A few public works employees were trained to operate the equipment, and the city is working its way down a list of high-profile locations.
Graffiti removal is a big deal for business ownersn like Michael Fedor, owner of A Brite Neon Factory on Routes 1 & 9.
“Our building was just repainted about a year ago,” Fedor said. “Starting about six months ago somebody put graffiti on it, and they kept adding to it and adding to it, until half the wall was covered. It was horrible.”
The new wall suddenly looked like an abandoned building, Fedor said, until early this month, when Linden public works employees came to him with the new tools and offered to repaint the wall for free.
“Business is not all that great right now because of the economy, and I couldn’t afford to repaint the building,” Fedor said. “So they came, and it was like God sent somebody. It was great.”
If his building is tagged again, Fedor said the city workers told him to call right away so they can respond immediately.
That suits him fine.
“(Graffiti painters) may think it’s art, but to me its just horrible,” Fedor said.

Taken from: NJ

Saturday, August 28, 2010

Foim on a Kiev Subway

Some works of Foim (click on the images to enlarge them):

To see more about Foim, CLICK HERE!

Graffiti welcome on Harrisburg's Peace Wall

Graffiti has always been associated with urban life.
In Philadelphia, New York City and even downtown Harrisburg, you can see places where people have chosen to express themselves with a can of spray paint on the side of an office building, a bridge or a bus stop.

Kids wanting to be creative? Maybe. Kids breaking the law? Always.
Bob Welsh of Jump Street, a nonprofit dedicated to developing educational and economic opportunities in the arts, is out to change that. He has found a way for budding Harrisburg artists to show their talents without vandalizing property.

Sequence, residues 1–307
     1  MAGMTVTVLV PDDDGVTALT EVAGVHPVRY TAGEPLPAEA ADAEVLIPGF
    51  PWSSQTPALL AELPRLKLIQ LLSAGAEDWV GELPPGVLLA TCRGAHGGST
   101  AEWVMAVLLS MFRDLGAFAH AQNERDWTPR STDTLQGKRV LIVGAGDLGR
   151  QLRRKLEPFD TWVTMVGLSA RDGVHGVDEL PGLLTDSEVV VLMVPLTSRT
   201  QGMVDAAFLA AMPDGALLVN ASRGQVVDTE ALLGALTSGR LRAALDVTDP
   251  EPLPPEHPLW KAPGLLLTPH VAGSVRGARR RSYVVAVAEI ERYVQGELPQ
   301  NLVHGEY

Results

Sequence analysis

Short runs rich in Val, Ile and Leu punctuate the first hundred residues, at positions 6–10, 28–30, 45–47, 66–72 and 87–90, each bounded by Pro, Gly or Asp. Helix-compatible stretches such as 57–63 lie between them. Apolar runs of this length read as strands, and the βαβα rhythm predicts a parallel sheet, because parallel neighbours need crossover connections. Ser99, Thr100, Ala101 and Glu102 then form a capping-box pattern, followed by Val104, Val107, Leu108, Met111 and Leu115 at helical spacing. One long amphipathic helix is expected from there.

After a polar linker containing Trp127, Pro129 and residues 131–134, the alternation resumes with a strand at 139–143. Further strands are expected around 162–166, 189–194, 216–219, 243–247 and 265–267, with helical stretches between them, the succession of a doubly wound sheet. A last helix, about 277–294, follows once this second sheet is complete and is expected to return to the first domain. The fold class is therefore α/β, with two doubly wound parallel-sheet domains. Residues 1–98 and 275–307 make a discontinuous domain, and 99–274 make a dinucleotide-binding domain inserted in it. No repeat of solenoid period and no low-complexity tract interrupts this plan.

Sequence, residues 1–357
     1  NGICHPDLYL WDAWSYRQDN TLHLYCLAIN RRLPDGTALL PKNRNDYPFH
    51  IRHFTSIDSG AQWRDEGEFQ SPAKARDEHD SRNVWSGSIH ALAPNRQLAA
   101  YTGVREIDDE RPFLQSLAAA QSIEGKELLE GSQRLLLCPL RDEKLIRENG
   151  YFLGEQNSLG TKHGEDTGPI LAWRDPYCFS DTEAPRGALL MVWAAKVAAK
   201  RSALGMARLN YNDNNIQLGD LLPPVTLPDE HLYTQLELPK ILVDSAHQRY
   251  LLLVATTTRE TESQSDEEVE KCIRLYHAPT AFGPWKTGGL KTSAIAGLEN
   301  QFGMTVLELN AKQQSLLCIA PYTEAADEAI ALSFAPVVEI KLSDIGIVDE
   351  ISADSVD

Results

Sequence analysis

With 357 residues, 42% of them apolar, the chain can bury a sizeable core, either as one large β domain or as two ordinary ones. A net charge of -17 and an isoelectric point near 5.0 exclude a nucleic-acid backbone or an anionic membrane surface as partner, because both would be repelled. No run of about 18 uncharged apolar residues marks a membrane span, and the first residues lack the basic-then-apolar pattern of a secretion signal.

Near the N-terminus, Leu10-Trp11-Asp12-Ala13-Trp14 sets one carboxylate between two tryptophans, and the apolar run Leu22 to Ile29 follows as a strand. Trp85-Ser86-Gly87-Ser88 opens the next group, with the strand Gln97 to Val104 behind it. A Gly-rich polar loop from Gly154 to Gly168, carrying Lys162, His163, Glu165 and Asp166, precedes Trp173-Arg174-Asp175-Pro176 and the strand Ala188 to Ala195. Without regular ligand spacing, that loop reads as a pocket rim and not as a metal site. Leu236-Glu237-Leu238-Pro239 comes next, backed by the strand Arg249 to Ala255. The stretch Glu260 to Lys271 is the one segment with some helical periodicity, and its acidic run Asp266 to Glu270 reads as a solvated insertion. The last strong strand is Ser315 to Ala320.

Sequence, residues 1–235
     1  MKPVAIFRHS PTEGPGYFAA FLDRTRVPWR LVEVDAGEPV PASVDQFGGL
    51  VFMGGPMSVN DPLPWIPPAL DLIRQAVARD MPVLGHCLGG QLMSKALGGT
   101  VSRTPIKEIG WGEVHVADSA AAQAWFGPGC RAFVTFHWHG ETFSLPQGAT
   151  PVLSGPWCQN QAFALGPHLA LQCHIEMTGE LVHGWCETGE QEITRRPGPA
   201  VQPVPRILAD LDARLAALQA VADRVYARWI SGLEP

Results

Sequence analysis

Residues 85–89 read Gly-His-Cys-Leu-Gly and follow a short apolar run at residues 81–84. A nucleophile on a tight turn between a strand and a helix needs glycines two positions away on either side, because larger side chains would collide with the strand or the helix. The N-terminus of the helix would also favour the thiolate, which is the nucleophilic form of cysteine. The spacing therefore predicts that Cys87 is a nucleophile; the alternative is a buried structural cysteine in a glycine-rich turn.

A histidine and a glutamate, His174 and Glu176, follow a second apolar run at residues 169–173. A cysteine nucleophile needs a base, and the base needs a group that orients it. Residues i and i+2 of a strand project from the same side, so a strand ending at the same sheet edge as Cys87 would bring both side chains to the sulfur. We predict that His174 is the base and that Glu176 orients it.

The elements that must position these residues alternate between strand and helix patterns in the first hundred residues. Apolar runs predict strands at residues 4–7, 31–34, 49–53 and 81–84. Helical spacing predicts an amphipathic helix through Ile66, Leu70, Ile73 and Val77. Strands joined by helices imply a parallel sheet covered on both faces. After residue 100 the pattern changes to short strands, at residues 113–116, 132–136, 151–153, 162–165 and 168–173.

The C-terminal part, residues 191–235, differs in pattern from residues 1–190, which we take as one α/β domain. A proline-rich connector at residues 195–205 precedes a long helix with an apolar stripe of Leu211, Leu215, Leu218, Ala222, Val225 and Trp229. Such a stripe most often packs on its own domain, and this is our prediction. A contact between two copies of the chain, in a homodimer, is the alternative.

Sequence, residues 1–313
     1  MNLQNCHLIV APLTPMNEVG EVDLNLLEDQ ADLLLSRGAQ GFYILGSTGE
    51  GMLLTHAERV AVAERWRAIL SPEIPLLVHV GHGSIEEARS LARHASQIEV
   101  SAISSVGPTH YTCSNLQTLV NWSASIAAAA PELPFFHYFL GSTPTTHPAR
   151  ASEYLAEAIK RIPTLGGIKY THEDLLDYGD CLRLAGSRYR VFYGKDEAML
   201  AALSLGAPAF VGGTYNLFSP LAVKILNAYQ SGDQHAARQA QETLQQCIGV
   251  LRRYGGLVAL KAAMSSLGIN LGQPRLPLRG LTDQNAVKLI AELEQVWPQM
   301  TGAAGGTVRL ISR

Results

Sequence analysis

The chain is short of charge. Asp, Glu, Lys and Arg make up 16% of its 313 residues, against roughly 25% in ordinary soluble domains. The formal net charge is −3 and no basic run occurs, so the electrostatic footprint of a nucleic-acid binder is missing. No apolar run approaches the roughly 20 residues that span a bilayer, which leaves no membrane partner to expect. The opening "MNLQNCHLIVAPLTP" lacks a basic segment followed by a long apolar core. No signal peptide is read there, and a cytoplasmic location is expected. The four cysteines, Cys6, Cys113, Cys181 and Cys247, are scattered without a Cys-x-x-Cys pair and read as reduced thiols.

It’s called the Peace Wall.
This new “canvas” of sorts is at 1801 N. Third St. at the Neighborhood Center. Organizers hope it will represent the collective acceptance and encouragement of the community toward the individuality and artistic expression of its youth.
Kids shouldn’t be denied the chance to cultivate their creativity simply because they can’t afford an easel or a quality set of watercolors.
The wall is 6 feet tall and 16 feet wide — a big step up from your average easel size and certainly an adequate amount of space in which to fit the artistic creations of a large number of youth eager to make their creativity known.
But what’s even better is that this wall isn’t a once-and-done creation. It is expected to be a living, breathing chronicle of the city’s creativity.
Once it’s fully covered, the wall will be photographed, its markings saved and posted on Jump Street’s website. Then it will be repainted so more people can come and express themselves on its surface.
This is the kind of idea we all can get behind. Giving teens the kind of tools that usually result in vandalism but instead are used for art and self-expression is priceless.
What’s even better is that we can all view this ever-changing canvas.

Taken from: Penn Live

Livingston declares war on graffiti vandals

Truck with tools to paint over or wash away markings modeled after Fresno's.

LIVINGSTON -- It must be a tough life for taggers in Livingston.
That's thanks to an anti-graffiti truck and its operator, James Linan, said City Manager Richard Warne.
The truck was built by Dan Folkner, a vehicle maintenance worker, and Jesus Chavez Jr., a fleet maintenance mechanic, in 2006 after they were sent to Fresno to study a similar graffiti truck there, Warne said.

Folkner and Chavez made two trips to Fresno to make sure they knew exactly what they needed to build their own model.
The truck and equipment cost the city $68,943, but is worth every penny, Warne said.
The truck uses recycled paint that costs about $6 a gallon, instead of $22 a gallon for regular paint, said Jim Rightsell, street supervisor for the Public Works Department.

Before Folkner and Chavez built the truck, graffiti had to be removed manually and painted over with hand brushes and rollers, a monotonous task that would cost city employees lots of time, said Kathryn Reyes, Public Works superintendent.